I kind of look at Social Security the way I would at the Department of Defense and our defense spending. We’re never going to not fund defense. But at the same time, every single year we look at how we can make it better. And think it’s about time that we start talking about Social Security and making it better. We’ve got 11 years before we actually see cuts start to happen to people that are on Social Security. It can be very responsible for us to do everything we can to make those funding programs now and the plans right now so that we don’t run out of money in Social Security, and that it continues to provide all the benefits that it does today. Simply looking away from it and pretending like there’s no problem with Social Security is not an appropriate or responsible thing to do. So I guess my preference would be: Let’s start managing it.

That is the line I expect to hear more often as the budget/debt-ceiling battle heats up: It’s completely impossible to make even the richest Americans pay more tax (as Biden proposes), so the trust funds will have to run out of money. [See note 1 again.] When that happens, benefit cuts are coming whether anyone wants them or not. Let’s accept, then, that cuts are inevitable and make it better by managing those cuts — so that billionaires can go on paying lower tax rates than truck drivers and nurses. (They won’t say that last part out loud.)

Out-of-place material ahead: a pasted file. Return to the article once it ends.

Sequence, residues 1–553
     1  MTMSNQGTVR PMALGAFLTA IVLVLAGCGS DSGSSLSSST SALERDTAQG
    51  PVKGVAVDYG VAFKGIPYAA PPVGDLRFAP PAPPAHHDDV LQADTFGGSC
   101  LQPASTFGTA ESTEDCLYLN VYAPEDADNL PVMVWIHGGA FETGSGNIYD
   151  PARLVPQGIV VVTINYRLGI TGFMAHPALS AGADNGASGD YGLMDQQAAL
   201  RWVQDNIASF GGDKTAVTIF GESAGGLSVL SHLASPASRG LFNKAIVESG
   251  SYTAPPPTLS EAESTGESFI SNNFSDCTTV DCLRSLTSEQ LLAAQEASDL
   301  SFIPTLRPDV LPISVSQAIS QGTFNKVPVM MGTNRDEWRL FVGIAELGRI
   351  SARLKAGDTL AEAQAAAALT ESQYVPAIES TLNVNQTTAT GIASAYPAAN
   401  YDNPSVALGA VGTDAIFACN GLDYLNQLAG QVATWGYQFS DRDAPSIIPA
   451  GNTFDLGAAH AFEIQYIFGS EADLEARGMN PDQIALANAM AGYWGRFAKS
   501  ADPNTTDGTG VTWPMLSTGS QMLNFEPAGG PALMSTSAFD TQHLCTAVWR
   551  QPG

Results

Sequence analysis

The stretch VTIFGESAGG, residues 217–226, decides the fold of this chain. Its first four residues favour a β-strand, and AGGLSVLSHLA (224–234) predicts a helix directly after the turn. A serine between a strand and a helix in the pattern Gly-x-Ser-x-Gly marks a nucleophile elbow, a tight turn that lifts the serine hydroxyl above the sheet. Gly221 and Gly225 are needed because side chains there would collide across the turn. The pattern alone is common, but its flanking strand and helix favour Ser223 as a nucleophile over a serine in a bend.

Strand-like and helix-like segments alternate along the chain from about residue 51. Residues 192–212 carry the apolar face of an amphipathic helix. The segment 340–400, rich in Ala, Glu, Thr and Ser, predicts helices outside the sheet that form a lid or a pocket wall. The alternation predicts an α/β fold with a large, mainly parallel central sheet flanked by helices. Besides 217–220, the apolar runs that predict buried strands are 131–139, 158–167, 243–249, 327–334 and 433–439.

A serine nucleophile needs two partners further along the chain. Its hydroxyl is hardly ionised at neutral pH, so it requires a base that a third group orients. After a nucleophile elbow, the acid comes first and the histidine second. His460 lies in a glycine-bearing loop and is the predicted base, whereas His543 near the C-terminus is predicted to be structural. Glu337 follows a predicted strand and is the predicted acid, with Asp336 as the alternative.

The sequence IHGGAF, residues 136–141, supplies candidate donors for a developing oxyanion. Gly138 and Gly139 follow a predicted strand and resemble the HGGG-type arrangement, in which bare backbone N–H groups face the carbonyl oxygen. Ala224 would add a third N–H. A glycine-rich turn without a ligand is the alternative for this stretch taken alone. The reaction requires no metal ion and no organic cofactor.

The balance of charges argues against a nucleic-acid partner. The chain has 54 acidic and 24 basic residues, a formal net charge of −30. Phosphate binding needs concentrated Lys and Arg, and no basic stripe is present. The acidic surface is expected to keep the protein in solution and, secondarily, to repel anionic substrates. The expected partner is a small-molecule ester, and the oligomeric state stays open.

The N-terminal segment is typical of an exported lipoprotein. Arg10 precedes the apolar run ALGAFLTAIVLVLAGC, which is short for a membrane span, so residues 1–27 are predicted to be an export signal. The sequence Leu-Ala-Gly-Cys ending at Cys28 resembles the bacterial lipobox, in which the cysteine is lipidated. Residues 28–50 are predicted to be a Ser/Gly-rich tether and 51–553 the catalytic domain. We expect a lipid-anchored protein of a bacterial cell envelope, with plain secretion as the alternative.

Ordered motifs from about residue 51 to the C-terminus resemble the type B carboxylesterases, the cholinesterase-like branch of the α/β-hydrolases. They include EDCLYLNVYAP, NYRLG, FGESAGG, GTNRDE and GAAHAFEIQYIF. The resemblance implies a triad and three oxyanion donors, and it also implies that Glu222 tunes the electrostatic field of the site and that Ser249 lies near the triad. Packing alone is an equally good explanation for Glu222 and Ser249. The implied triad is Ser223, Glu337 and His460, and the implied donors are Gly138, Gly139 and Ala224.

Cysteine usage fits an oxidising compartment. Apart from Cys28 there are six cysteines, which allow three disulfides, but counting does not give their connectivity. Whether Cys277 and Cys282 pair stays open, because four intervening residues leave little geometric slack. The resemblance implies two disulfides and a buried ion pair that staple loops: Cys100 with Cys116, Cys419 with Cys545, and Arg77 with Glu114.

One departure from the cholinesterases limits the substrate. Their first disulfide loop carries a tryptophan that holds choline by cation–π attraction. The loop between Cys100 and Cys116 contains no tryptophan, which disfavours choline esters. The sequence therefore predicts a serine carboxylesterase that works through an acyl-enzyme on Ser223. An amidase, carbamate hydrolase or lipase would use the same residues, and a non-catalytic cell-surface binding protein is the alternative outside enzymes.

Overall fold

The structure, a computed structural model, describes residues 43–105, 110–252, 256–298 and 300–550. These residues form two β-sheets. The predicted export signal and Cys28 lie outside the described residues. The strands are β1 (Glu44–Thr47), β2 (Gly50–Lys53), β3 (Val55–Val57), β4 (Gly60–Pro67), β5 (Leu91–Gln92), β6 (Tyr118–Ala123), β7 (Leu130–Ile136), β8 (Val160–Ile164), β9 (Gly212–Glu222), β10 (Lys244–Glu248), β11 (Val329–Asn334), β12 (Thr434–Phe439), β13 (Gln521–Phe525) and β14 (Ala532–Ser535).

So that’s the significant policy achievement of Biden’s speech: He got Republicans to paint themselves into a corner on an issue the voters care about.

But there was also a significant political achievement: Biden stage-managed a bit of theater that framed his administration and his Republican opposition in the terms he wants.

Throughout the speech, Biden himself was calm and even generous. He thanked Republicans for their contribution to the bipartisan bills passed these last two years. [2] And he invited further cooperation

To my Republican friends, if we could work together in the last Congress, there’s no reason we can’t work together and find consensus on important things in this Congress as well.

I think — folks, you all are just as informed as I am, but I think the people sent us a clear message: Fighting for the sake of fighting, power for the sake of power, conflict for the sake of conflict gets us nowhere.

That’s always been my vision of our country, and I know it’s many of yours: to restore the soul of this nation; to rebuild the backbone of America, America’s middle class; and to unite the country.

When Republicans responded to parts of his speech with catcalls and angry yells of “Liar!”, Biden took it in stride: They were enraged, he was not. And if they no longer held the views he had just (correctly, and with documentation) attributed to some of them, then he was happy to accept their agreement: “I enjoy conversion,” he said. [3]

The theatrical aspect of the SOTU made something clear to the American people: If there’s a problem with incivility and extremism in Washington, it’s a one-sided problem. Marjorie Taylor Greene and the rest of the shouters made a mockery of the Republican SOTU response, in which new Arkansas governor and former Trump press secretary Sarah Huckabee Sanders said: